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Blues photos, a Burmese scoop, and yoga wars

The wonderful black-and-white photographs of blues musicians that hung for years in the Lafayette Tap Room have a new home.   In an exhibit called “Blues in Buffalo,” they're gracing a long wall at a just-opened Hertel Avenue bar and restaurant: Canvas@1206.   More than 100 of Buffalonian Cheryl Gorski's images take up an entire wall of this attractive place, which offers a mix of a casual neighborhood atmosphere and touches of fine-dining class, such as single red roses atop white-clothed tables.  Co-owner Dawn Kirchmeyer says that she and partner Stephen McCarthy “want to provide a blank canvas for people's passions, whether it's music, comedy or the arts."  To that end, Canvas@1206 (that's 1206 Hertel, between Delaware and Colvin) features live music on weekend nights and a comedy open mic on Monday evenings, and introduces a regular featured artist, such as Gorski.   As for the photos, they make an impressive display and it's great to see them again. 

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Buffalo News reporter Lou Michel last week brought us a fascinating profile of Burmese photojournalist Law Eh Soe, who is now a translator in Buffalo.  Law’s photographs helped expose the brutal military regime in the Southeast Asian country also known as Myanmar. Meanwhile, on a related subject, Washington Post Publisher Katharine Weymouth had the rare opportunity to scoop the world with a story reported and written by none other than her mother. Lally Weymouth, senior associate editor for the Post, scored the first extensive interview in the American press with Burmese President Thein Sein.  In that interview, conducted in the president’s office in Naypyidaw, Thein Sein asks for the United States and other nations to lift economic sanctions against Burma in acknowledgment of its recent reforms. Coincidentally, Michel’s front-page piece and Weymouth’s interview appeared on the same day last week.  The following day, the Post ran a companion piece by Weymouth, this one an interview with Burmese democracy advocate and Nobel peace laureate Aung San Suu Kyi, an inspiring figure.  In all --  Washington, Buffalo and Naypyidaw -- a striking example of our interconnectedness, brought to you by the Internet.  Marshall McLuhan's Global Village is alive and well.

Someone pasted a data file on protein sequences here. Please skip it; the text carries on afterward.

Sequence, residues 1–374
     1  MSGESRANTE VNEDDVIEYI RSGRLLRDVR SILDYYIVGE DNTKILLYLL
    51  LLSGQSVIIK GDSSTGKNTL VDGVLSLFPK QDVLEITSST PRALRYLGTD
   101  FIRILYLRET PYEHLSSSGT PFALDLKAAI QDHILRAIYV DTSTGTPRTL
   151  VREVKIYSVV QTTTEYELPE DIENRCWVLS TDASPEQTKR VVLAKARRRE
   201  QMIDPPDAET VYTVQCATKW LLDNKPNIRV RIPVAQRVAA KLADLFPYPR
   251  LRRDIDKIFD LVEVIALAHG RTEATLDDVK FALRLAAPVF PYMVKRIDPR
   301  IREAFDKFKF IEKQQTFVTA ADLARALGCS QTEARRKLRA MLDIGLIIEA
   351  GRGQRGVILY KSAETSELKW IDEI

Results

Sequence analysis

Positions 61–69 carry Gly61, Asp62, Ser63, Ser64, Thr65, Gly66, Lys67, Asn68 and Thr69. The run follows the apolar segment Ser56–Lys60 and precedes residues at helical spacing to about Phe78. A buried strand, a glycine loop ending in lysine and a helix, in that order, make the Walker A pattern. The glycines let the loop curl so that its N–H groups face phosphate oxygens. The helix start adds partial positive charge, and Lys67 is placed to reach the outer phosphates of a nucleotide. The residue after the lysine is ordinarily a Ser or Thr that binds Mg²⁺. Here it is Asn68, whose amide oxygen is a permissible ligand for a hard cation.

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Yoga practitioners, and I count myself among them, have been mesmerized in recent weeks by the fallout from a New York Times piece entitled, “How Yoga Can Wreck Your Body.”  The long cover story in the Times magazine detailed all the yoga-related injuries that are supposedly plaguing a Western world that’s increasingly in thrall to Eastern practices. As a result, dark clouds appeared over many a sun salutation, and the state of centeredness was knocked askew. This Boston Globe story sums up the controversy, and notes that it has given the yoga-averse still another reason to avoid the mat while saving astronomical sums on those high-end yoga duds from lulu lemon.  As for me,  I’m planning to consider the whole troubling matter from the point of view of my center-floor headstand, and hope I don’t break my neck doing it.

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